The most outstanding characteristic of the Paraguayan culture is the persistence of the Spanish language along with the Guarani language, these being the two official languages of the Nation; and the pidgin (mixture) of these languages is known as yopará (jopara in the Guarani language). For this reason, the country is often cited as one of the few truly bilingual nations in the world.In addition to Spanish and Guarani, there are 19 other languages of indigenous origin that are spoken by about 50,000 indigenous Paraguayans. Portuguese is also spoken by about 300,000 "brasiguayos", most of whom are located on the border with Brazil. Other minority languages include German, Ukrainian, Japanese, Chinese, Arabic, etc.

According to data from the National Population and Housing Census of 2012 conducted by the Directorate General of Statistics, Surveys and Censuses (today National Institute of Statistics), the most spoken languages in Paraguayan households most of the time are: .3% Spanish and Guarani (or Yopará); only Guarani at 34% and only Spanish at 15.3%; The departments where Guarani is most widely spoken at home, according to EPH 2017 data, are: San Pedro (78.87%), Caazapá (77.39%) and Concepción (71.34%) %); while where Guarani is least spoken are: Asunción (8.95%), Central (15.9%) and Alto Paraná (37.75%). In these latter departments Spanish predominates.
Despite the official rank of the Guarani language in the country and despite the high number of Guarani-speakers, the Castilian language remains mostly used in government matters, in official documents, judicial processes, administrative processes, professional, in business, in the in the media and in education—classes are taught mainly in Spanish—Guarani is relegated to being used in a more colloquial setting, for use among family and friends not pure bilingualism

Among bilinguals there is usually a preference for Guarani in intimate (or trusting), personal and family situations. Guarani is used more in rural areas than in urban areas. On the other hand, in Asunción and other major cities, more Spanish and Yopará (Spanish mixed with Guarani) are spoken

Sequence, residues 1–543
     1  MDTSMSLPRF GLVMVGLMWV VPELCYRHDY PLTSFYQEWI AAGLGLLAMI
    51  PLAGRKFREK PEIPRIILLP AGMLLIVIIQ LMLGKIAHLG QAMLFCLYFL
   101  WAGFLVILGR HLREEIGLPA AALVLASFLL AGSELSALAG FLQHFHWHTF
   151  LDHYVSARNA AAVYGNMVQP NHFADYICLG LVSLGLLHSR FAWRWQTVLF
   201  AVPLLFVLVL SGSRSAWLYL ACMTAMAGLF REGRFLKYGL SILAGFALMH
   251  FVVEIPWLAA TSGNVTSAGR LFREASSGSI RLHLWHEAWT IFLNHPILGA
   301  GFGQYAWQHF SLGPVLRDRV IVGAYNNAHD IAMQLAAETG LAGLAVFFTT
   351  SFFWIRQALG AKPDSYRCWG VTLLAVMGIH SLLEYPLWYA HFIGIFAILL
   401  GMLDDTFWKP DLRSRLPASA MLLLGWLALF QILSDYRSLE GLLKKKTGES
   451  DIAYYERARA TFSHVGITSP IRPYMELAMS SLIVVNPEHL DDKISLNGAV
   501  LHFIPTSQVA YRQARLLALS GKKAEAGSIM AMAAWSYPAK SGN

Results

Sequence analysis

According to the 2002 census, 90.0% of the population is Catholic and 7.3% is Protestant (6.2% Evangelical, 1.1% other Christian). The Catholic religion is predominant due, in large part, to to the process of evangelization carried out by missionaries to the indigenous people and other inhabitants of the country during the 16th, 17th and early 18th centuries.

Also present are indigenous religions, Jehovah's Witnesses, the Church of Jesus Christ of Latter-day Saints, Jews, Muslims, Buddhists, and members of Bahaism. Among Protestant groups the Unification Church is criticized but also among The most recognized stand out: the Pentecostal evangelicals, mainly those of the Family Worship Center, a church that has more than 20,000 people and more than 100 temples, and the Christian Congregation in Paraguay, which has about 300 churches. Other notables are the Mennonites, who mainly settle in the Chaco and some experts relate it to the separation of Church and State, from the 1992 National Constitution that establishes the Paraguayan State as non-denominational.

The largest religious manifestation in Paraguay takes place between November 28 and December 8, the day of the Virgin of Caacupé, when thousands of Paraguayans go to venerate her at her basilica. Pilgrimages are also made to the Virgin of Itacua. On Good Friday, in the city of San Ignacio Guasu, the Tañarandy procession takes place, in which the Passion of Christ is remembered with thousands of lamps and candles that illuminate the night of faith.



Paraguay has the particularity of being one of the few officially bilingual nations, and of maintaining a native language (such as Guaraní), in a good state, since it is passed from generation to generation without its loss. The country has a majority mestizo population (about 75%) and relatively homogeneous and autonomous (in appearance and culture); since, despite the use of the Guaraní language predominating in a large part of the Paraguayan population, the people do not look, dress or behave like indigenous people. The terms mestizo and ladino are not used in the Spanish of Paraguay, and there are no concepts of cultural or racial mixing in this country, unlike other American countries.

Paraguayans have several very notable customs such as Paraguayan soup, the only country with "solid soup", the national drink (tereré): along the streets and avenues of the cities you will find yuyeros or sellers of refreshing plants, good for the digestion, which helps quench thirst in the hot Paraguayan climate. Paraguayan society is one of the most conservative in the region, while it is also one of the most religious (practically 98% of the population is Christian, of which 89% is Catholic and the rest Protestant).

The Guarani Jesuit Missions had relevance in the approach of the local native and mestizo to the European cultural manifestations, which he adopted and adapted to his way of feeling; as well as the phenomenon of miscegenation itself, where in the family nucleus composed of an Aboriginal mother and a European father it was allowed to cultivate elements of both cultures.